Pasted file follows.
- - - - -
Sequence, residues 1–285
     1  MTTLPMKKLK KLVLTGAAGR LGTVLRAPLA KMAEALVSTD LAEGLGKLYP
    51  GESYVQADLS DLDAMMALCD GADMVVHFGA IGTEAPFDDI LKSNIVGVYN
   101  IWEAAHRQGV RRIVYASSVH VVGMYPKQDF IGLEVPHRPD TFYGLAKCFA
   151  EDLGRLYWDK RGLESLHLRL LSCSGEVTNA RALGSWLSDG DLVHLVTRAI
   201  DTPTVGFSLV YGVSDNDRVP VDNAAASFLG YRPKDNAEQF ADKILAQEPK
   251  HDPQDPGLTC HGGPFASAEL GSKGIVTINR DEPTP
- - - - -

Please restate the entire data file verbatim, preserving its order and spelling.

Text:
Sequence, residues 1–285
     1  MTTLPMKKLK KLVLTGAAGR LGTVLRAPLA KMAEALVSTD LAEGLGKLYP
    51  GESYVQADLS DLDAMMALCD GADMVVHFGA IGTEAPFDDI LKSNIVGVYN
   101  IWEAAHRQGV RRIVYASSVH VVGMYPKQDF IGLEVPHRPD TFYGLAKCFA
   151  EDLGRLYWDK RGLESLHLRL LSCSGEVTNA RALGSWLSDG DLVHLVTRAI
   201  DTPTVGFSLV YGVSDNDRVP VDNAAASFLG YRPKDNAEQF ADKILAQEPK
   251  HDPQDPGLTC HGGPFASAEL GSKGIVTINR DEPTP